If you resign, you may recover unemployment benefits if you had good cause to do so. Whether you have good cause to resign depends on whether your employer had cause to terminate you.
You could resign and apply for Unemployment. The EDD will then have to determine whether your employer would have had cause to terminate you. I would consult a lawyer to help you put together a case showing that your employer had no such cause.Ask a similar question
I am deducing from your post that you are a teacher or other classification of educator. Public school?
There are no absolutes in law, but this caveat comes close: no educator should resign in lieu of termination until after a lengthy fact-specific personal consultation with skilled and experienced legal counsel.
The fact is that it can take years to effectively terminate a teacher in CA, and there is often insufficient evidence for the district to meet its factual burden. Those years, and the uncertainty of outcome, can mean several hundred thousand dollars to you. Why simply hand that up on demand?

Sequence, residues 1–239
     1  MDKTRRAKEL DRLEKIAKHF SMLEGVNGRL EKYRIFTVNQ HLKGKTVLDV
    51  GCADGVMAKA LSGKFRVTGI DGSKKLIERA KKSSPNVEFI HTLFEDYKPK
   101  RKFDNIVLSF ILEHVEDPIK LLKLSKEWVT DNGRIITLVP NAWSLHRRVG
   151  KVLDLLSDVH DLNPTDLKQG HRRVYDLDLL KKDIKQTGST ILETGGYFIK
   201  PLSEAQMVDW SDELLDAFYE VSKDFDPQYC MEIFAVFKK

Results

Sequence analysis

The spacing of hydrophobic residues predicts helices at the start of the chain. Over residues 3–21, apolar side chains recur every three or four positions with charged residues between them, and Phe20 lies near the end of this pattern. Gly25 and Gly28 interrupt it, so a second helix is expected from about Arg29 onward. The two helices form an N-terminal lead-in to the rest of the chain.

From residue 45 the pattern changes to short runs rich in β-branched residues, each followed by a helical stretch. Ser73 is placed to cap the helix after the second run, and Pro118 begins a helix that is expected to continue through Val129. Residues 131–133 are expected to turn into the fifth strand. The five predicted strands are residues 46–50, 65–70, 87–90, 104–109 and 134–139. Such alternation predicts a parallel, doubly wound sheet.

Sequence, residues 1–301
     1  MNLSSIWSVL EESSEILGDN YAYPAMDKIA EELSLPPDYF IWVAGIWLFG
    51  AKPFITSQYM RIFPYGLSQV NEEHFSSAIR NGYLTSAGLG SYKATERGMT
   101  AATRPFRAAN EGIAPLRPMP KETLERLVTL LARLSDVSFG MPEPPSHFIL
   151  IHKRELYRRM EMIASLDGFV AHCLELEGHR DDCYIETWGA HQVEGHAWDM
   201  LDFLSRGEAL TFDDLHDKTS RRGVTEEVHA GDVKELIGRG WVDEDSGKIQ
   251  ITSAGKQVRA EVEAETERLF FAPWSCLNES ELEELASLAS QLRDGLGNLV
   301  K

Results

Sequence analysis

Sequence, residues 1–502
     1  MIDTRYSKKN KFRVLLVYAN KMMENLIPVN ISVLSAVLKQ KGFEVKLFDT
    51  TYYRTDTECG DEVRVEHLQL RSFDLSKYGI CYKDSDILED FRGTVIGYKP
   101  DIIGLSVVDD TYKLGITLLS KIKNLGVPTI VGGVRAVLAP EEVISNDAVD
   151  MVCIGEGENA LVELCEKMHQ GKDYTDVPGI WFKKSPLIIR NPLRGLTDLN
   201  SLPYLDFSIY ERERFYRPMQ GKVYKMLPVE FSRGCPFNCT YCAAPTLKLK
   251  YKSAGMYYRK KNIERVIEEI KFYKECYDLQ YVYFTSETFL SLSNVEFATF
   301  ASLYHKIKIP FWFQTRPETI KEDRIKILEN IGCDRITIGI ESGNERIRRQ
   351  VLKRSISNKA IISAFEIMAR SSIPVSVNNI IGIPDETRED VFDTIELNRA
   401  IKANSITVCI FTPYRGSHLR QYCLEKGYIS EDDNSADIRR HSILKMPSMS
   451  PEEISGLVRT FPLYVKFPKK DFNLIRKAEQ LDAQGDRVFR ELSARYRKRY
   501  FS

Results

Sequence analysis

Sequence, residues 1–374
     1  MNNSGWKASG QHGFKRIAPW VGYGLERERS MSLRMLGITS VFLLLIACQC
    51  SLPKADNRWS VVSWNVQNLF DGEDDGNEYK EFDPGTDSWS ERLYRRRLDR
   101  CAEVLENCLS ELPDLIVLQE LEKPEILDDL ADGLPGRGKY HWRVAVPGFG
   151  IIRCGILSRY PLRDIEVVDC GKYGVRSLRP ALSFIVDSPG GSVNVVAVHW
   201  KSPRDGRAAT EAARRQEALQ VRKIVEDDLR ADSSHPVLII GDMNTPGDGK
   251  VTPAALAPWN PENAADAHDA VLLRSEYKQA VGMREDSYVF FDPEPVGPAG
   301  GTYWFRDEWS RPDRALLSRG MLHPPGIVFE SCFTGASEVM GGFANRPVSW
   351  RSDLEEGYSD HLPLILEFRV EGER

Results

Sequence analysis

Just say NO -- and get yourself to a good lawyer PDQ.
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I agree with Ms. McCall. If you resign, it will be hard for you to dispute their allegations. You need to talk to an employment attorney in your area. You need to think through what will happen when you go to apply for another job. There is always the question on the next employment application about why you left your last job. This will include the question, have you ever resigned after being told you will be fired?
You need an attorney in your corner so these people do not push you into doing anything that will hurt you in the future. Most employment attorneys will give you a free telephone consultation.